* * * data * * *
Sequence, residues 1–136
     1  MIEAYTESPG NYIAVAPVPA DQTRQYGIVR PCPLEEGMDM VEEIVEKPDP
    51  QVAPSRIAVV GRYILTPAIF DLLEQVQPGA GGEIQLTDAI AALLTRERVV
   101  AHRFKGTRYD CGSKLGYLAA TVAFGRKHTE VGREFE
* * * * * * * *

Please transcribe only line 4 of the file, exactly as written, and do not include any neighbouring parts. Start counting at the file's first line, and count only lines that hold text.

   101  AHRFKGTRYD CGSKLGYLAA TVAFGRKHTE VGREFE